Biden Administration Awards $88M to Improve Education Access to Underserved College Students

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The U.S. Department of Education has approved $88 million in grant funding to enhance higher education access for student-parents, students from low-income households, and learners at Native American Pacific Islander-Serving Institutions (AANAPISI).

The award includes $13 million in funding for 34 colleges and universities to establish or strengthen on-campus child care programs for low-income student-parents. Award amounts range from $65,700 to $500,000 among the recipient schools. This support is crucial as student-parents make up one in five college students, according to the department.

Community colleges also account for nearly one-third of the awardee institutions, an important inclusion given that 42 percent of community college students are parents, U.S. Secretary of Education Miguel Cardona said in a news release.

“I am a big believer in campus child care programs because I’ve seen how they break down barriers to upskilling and attaining postsecondary education for parents with young children—bringing the American Dream within reach for families across America,” Cardona said. “Today’s grants will help 34 colleges and universities raise the bar for how they support student parents as they work to earn degrees and credentials that will advance their careers and boost their earning potential.”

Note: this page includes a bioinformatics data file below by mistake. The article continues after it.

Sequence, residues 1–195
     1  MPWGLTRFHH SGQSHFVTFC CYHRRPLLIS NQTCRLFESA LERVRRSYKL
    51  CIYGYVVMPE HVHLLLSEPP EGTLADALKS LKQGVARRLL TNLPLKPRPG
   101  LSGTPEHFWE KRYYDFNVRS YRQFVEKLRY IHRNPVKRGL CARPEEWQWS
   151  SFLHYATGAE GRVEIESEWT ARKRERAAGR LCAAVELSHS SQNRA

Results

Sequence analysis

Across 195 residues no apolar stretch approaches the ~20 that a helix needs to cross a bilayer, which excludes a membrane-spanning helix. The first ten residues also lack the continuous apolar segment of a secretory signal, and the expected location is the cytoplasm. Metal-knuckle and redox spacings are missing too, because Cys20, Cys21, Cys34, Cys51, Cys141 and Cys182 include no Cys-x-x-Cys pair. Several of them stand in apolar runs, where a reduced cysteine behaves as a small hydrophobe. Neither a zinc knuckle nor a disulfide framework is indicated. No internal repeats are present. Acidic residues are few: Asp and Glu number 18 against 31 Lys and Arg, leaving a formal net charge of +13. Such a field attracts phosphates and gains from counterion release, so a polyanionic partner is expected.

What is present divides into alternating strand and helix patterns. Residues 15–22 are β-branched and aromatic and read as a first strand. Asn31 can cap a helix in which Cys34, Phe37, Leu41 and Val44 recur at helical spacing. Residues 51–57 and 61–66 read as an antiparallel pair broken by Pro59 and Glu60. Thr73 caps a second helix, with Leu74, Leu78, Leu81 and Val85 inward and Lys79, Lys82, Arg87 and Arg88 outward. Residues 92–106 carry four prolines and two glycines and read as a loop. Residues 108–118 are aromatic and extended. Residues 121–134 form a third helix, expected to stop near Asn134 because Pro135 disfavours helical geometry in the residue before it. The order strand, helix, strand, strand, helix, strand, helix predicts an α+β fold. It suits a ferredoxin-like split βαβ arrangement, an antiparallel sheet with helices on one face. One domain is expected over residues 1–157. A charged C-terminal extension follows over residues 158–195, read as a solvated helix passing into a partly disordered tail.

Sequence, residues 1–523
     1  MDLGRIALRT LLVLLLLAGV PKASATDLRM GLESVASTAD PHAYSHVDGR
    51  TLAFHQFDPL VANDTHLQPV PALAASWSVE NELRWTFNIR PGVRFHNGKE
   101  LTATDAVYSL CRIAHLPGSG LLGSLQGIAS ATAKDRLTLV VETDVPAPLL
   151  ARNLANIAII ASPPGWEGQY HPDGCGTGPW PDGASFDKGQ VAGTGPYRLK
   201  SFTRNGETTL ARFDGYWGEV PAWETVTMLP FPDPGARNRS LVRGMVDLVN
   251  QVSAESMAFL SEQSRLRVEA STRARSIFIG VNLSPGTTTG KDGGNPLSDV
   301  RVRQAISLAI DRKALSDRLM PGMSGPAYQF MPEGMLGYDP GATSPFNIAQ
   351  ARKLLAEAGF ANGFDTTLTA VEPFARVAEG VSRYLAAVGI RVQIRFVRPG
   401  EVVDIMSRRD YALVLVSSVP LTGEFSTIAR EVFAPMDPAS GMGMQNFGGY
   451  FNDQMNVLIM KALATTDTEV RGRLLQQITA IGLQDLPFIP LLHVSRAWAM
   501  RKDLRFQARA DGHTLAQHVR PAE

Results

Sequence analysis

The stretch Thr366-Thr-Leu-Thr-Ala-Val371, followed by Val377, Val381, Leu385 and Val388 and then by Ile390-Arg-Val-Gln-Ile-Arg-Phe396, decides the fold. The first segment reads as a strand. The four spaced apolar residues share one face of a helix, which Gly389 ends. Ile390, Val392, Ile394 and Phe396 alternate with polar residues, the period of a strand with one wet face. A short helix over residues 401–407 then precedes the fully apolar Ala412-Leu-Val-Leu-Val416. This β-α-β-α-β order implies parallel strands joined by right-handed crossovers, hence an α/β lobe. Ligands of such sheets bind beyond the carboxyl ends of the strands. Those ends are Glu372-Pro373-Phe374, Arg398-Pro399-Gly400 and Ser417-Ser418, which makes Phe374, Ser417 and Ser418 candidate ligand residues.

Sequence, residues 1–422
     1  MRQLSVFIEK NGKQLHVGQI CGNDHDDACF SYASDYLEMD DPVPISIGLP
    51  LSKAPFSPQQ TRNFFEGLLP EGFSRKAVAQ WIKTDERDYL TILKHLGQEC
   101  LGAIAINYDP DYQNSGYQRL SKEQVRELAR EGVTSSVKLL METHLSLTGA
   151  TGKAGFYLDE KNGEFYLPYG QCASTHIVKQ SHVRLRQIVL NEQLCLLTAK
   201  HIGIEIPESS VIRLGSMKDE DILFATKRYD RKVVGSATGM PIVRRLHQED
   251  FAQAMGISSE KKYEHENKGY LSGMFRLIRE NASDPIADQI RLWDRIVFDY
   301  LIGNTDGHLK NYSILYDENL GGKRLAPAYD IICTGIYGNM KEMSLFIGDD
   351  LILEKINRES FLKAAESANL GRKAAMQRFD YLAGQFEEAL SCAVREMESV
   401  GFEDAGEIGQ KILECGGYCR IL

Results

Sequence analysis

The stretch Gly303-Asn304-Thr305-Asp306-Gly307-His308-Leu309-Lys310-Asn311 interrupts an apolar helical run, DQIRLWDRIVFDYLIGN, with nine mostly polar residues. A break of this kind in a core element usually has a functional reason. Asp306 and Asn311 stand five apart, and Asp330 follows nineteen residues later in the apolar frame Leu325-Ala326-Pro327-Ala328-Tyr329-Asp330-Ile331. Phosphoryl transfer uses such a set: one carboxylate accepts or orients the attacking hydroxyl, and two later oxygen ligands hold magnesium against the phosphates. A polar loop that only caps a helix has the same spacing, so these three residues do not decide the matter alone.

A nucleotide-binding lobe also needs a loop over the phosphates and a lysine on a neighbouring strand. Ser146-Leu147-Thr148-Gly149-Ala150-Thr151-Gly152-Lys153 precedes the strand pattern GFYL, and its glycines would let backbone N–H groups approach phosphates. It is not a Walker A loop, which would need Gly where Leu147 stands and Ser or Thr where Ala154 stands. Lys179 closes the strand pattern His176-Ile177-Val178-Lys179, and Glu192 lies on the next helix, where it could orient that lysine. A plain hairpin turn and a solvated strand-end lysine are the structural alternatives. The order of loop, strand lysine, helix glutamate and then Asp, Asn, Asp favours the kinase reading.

Additionally, the department approved a combined $69 million for two programs that expand education access to low-income students: the GEAR UP state grant program and the Strengthening Institutions Program (SIP). GEAR UP allocates $23 million to six states to help low-income students prepare for postsecondary education. SIP awards $46 million to 107 institutions to improve their capacity to serve low-income students by bolstering academic quality, institutional management, and fiscal stability.

More than $6 million was also allocated for the AANAPISI Part A grant program, which provides funding to 16 AANAPISIs to enhance their ability to serve Asian American, Native American Pacific Islander, and low-income students.